We wanted to highlight another success story for GWT. Lombardi Software has created an innovative modeling tool called Blueprint that they recently built using GWT. Rather than having me tell the story, here are the details from Alex Moffat, Engineering Manger at Lombardi:
The challenge handed to us was to create a tool that the average business user could use to document and manage their business processes. It had to be easy to use, encourage collaboration between team members, and provide a shared repository for all of a company's process documentation. Workflow functionality had to be on par with our competitors: Microsoft Visio, IDS Scheer's ARIS, IBM's WebSphere Business Modeler, and other desktop modeling tools. But we also wanted wiki & shared whiteboard capabilities to store information. Editing should use the drag and drop interaction users of desktop apps are familiar with. We ended up with some additional features that really set us apart:
- An intuitive map view as a high level visualization of a process
- Automatic workflow diagram generation
- PowerPoint generation for easily presenting the process
- Online chat functionality
Back when we began developing Blueprint, we started with a combination of HTML and Flash 8 for the interactive parts. We ended up abandoning that fairly quickly for a couple of reasons:
- Flash is a plug-in. Even in this day and age, not everyone has the latest version of Flash installed on their machines. Lots of our users are at big corporations where their boxes are locked down tight enough that installing/upgrading browser plug-ins is a nonstarter.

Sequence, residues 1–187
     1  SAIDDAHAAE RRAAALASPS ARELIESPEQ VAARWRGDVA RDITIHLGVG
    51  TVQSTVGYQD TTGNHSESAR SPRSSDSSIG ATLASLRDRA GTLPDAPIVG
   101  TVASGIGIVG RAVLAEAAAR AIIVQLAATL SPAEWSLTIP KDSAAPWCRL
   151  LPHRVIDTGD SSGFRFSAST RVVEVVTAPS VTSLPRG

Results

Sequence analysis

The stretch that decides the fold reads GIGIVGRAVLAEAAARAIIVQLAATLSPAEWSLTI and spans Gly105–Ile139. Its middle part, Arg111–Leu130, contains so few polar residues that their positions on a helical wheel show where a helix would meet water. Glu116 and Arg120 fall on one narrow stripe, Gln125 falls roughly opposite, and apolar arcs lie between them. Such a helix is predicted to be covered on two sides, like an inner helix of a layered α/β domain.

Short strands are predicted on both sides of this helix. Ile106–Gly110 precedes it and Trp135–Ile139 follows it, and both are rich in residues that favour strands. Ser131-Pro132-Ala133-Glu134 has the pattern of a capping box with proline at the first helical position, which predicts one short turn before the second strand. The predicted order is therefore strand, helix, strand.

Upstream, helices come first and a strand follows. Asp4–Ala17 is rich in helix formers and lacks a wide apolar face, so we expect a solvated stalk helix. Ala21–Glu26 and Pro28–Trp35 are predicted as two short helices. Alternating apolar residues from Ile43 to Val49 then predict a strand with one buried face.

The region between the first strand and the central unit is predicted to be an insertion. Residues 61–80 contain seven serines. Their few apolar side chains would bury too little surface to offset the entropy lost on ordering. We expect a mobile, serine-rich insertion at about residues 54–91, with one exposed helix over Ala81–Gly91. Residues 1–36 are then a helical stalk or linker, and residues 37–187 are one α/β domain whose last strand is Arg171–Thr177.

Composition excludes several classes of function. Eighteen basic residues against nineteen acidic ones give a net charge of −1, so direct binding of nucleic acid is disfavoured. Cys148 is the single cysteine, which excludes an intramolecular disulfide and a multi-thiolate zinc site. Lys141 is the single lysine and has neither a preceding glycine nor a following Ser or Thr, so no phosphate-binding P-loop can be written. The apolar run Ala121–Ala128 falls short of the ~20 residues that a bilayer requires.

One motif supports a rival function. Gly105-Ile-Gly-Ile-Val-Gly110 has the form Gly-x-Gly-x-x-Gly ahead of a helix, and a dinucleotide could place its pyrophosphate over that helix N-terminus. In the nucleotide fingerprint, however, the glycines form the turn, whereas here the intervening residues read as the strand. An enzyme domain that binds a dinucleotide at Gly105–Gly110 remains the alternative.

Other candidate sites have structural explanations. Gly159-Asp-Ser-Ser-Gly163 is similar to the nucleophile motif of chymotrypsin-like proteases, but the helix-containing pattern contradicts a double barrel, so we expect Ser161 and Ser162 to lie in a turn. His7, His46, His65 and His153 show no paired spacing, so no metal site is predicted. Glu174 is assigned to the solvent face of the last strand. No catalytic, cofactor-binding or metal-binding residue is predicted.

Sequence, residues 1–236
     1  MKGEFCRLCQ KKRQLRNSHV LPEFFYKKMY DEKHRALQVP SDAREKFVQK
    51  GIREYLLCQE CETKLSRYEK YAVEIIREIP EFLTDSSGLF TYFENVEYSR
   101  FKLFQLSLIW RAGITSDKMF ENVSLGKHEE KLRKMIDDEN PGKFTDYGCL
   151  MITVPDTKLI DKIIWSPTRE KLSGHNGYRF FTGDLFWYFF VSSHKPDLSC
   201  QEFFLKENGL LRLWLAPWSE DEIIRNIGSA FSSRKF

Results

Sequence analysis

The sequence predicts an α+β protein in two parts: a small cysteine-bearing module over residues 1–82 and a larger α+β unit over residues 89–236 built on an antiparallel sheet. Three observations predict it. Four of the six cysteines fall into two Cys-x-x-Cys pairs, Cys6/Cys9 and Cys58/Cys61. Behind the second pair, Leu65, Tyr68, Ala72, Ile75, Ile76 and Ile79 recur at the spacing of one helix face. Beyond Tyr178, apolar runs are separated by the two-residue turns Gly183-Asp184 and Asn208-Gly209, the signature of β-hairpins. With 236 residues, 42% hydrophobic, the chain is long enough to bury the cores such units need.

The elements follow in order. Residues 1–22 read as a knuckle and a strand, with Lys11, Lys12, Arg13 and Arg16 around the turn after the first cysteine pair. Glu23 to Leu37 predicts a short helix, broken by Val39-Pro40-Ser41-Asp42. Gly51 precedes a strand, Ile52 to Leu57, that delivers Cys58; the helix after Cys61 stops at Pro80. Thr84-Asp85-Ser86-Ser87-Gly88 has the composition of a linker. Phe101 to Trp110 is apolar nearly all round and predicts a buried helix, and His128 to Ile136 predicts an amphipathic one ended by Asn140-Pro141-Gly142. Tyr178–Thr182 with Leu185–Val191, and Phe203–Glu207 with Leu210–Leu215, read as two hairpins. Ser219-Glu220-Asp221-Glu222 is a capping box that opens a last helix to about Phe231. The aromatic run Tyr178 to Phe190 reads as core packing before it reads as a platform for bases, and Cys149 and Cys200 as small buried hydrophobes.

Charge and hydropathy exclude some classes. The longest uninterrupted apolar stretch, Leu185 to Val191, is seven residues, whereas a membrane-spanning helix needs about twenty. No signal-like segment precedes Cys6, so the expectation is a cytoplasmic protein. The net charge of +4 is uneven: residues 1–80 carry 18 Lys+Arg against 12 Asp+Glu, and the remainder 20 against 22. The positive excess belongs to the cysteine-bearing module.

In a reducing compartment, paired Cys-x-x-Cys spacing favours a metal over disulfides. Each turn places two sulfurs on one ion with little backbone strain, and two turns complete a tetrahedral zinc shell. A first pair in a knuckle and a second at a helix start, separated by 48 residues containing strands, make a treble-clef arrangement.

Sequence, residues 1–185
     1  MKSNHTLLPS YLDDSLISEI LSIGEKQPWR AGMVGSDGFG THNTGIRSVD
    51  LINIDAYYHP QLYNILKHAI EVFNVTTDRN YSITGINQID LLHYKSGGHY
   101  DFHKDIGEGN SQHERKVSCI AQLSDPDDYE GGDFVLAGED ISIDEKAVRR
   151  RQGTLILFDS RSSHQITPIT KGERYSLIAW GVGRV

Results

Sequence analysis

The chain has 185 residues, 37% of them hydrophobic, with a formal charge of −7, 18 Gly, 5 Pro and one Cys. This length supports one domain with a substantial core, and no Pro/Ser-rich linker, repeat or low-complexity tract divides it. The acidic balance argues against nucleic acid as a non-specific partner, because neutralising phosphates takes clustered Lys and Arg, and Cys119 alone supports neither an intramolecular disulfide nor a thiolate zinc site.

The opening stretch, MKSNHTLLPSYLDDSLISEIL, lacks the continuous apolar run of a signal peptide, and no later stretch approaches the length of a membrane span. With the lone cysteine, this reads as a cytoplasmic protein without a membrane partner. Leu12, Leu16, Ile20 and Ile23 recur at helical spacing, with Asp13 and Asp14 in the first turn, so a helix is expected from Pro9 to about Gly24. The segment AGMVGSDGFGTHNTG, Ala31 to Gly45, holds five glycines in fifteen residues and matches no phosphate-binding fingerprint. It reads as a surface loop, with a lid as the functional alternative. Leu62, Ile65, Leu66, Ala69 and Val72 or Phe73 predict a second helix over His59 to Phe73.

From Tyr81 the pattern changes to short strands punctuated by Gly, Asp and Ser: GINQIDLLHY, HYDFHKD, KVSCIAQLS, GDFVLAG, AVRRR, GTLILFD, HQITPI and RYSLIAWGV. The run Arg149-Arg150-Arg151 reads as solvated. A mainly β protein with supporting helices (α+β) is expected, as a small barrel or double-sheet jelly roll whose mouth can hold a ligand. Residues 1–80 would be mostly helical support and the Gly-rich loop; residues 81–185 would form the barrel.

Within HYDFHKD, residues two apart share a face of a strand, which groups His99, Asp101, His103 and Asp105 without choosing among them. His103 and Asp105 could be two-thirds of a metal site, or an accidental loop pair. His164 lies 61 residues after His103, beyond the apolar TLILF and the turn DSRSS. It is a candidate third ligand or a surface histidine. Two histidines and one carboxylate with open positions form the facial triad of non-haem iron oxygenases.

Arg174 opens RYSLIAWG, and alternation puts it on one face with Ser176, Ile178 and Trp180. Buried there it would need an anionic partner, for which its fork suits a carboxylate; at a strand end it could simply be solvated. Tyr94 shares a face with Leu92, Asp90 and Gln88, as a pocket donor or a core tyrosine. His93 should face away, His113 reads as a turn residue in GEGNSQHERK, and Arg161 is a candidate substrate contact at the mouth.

- Browser plug-in behavior is unpredictable. Weird browser interaction bugs made cross platform Flash support harder than we thought.
- It felt like a black box. While Dojo is open source, without a good debugger it was very difficult to figure out what was going on under the hood. We got pretty good at using firebug and venkman with Firefox but that still left IE and neither solution was terribly easy to use.
- Massively improved debugging. Hosted mode debugging is wonderful.
- Easy browser specific code. While GWT does a good job of hiding browser differences from us in most scenarios, there are always edge cases that we have to handle with our own code. GWT makes it really easy to add browser specific code and have that code only be served up to the appropriate browsers.
- Unit tests. GWT makes it easy to run unit tests on our client side code without having to launch a browser. Testing the visual appearance of the screens still needs other solutions though.
Overall we believe GWT has enabled us to write a much more reliable and efficient application and build it faster than we could have otherwise. Since its release just 120 days ago, people in 60 countries have begun using Blueprint; this represents more than 750 companies and thousands of individuals. You can check it out for yourself and let us know what you think!